Sandeep Sahu

The season of fence-sitting is over. And the season of fence-jumping is on us in right earnest. Naba Das, the Jharsuguda strongman, was the first off the blocks and set the ball rolling by deserting the party that he has been associated with all his life on Wednesday and making it clear that he would be soon joining the party that he had defeated without much difficulty in the last election at a time when it was sweeping the state.

But what is noteworthy about his desertion from the Congress to the BJD is the reason he has cited for his fence-jumping. Discarding the time-tested ploy of ranting against the leadership of the present party to explain away the desertion, the Jharsuguda MLA has chosen to blame it on the people. “The people and voters of my area want that I should contest the next election in 2019 from BJD as they want our area should develop and I should join hands with Sj. Naveen Patnaik, The Hon’ble Chief Minister, Odisha,” he said in his resignation letter addressed to Congress President Rahul Gandhi even as he asserted that he had no complain (sic) against PCC President Niranjan Patnaik with whom he has ‘very cordial relation’!

It may be a worthwhile exercise to speculate on how exactly did the people of Jharsuguda convey to him what they want? In person or through letter/phone/WhatApp/mail? How many of the ‘people and voters’ in Jharsuguda Assembly constituency did he consult? Did he also consult those who did not vote for him last time round or just those who voted for him? Either way, how did he find out who voted for whom and who did not? Did he also consult those who will be voting for the first time in 2019? Did he conduct some kind of a referendum to find out what the ‘people want’? Did all the people in his constituency want him to join the BJD or some opposed it too, forcing him to go by the majority decision? Why did his ‘people’ wait for four and a half years and choose to advise him to quit from the Congress just weeks ahead of the elections? And last but not the least, if he could have a cancer hospital and an airport for Jharsuguda while in the Opposition, where was the need to join the BJD to ensure its ‘development’?

The utterances of his party colleague from the neighbouring Sundargarh constituency, Jogesh Singh, over the last 48 hours suggests that this novel explanation of ‘people’s wish’ is not something that Naba Das has invented, but a well thought out strategy developed in consultation with their new masters. The new strategy serves two purposes. First, it breaks the monotony and adds some much needed novelty to what in essence is an act of sheer opportunism. Second, it creates in the minds of the electorate an impression that the craze for Naveen Patnaik has reached even those constituencies where the people did not vote for him in 2014. It would be interesting to watch what excuse does Prakash Behera, the Salepur MLA, comes up with if and when he leaves the Congress and jumps unto the BJD bandwagon, as he is expected to do.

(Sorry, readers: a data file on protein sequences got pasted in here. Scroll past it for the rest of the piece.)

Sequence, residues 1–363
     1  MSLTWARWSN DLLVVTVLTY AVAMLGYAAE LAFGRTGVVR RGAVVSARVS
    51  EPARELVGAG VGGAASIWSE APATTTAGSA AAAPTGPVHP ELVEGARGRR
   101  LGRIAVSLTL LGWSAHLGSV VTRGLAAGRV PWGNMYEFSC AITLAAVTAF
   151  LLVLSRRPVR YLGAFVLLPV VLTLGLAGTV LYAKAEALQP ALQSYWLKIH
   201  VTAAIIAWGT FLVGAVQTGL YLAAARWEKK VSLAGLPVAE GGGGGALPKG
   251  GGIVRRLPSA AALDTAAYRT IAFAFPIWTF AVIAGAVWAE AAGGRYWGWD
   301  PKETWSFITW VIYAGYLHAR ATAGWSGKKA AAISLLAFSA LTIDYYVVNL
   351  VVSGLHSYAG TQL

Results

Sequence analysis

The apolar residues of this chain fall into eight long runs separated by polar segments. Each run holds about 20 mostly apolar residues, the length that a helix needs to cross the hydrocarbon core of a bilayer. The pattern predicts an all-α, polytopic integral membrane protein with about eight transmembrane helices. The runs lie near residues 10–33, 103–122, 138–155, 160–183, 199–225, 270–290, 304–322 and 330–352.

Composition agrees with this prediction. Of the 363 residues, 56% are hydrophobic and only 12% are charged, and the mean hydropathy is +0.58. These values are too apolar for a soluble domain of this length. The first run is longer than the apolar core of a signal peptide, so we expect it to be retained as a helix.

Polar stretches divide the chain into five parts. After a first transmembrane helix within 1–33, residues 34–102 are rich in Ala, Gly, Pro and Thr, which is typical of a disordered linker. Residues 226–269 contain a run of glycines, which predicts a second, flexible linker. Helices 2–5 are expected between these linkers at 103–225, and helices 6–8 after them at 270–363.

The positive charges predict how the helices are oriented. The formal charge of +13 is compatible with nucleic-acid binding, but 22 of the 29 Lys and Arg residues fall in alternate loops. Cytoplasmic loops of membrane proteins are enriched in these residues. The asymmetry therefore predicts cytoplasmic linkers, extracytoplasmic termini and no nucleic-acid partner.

For now, all roads lead to Naveen Nivas – and no surprises there. Even after four successive terms, there are no real signs of any real public disenchantment with Naveen though there are areas where the ruling party MLAs have lost the trust of the people. With the Congress still in the process of putting its house in order and the BJP having all but conceded defeat, there is no real challenger in sight as Naveen braces for an unprecedented fifth consecutive term. Thus, it is only natural for those from other parties in search of power and pelf to make a beeline for the ruling party. They must have realized that there is no hope of a ministerial berth or some other position of power if they stay on in their present party. Hence, it makes sound political sense to switch camps to where the lucre is.

As for the BJD, it has been very careful in selecting who to let in. The desertions, actual and likely, from the Congress show it has zeroed in on those Assembly constituencies where it feels it would be difficult to win. Prakash Behera is actually an odd man out. My gut political feeling tells me that the vast majority of inductions form other parties would take place in south and western Odisha there the BJD did not fare as well as it did in its stronghold of coastal Odisha. Those in its bastion who have lost the trust of the people would, in all likelihood, be replaced by more acceptable faces from within the ruling party.

While the migration season has begun with leaders flocking to the BJD, the process of reverse migration would begin when the elections are nearer as those in BJD who realize they won’t be nominated/renominated from their constituency seek greener pastures elsewhere.

And trust my word: we are going to hear this new term ‘people’s wish’ more and more as the desertion season hots up.

(DISCLAIMER: This is an opinion piece. The views expressed are author’s own and have nothing to do with OTV’s charter or views. OTV does not assume any responsibility or liability for the same)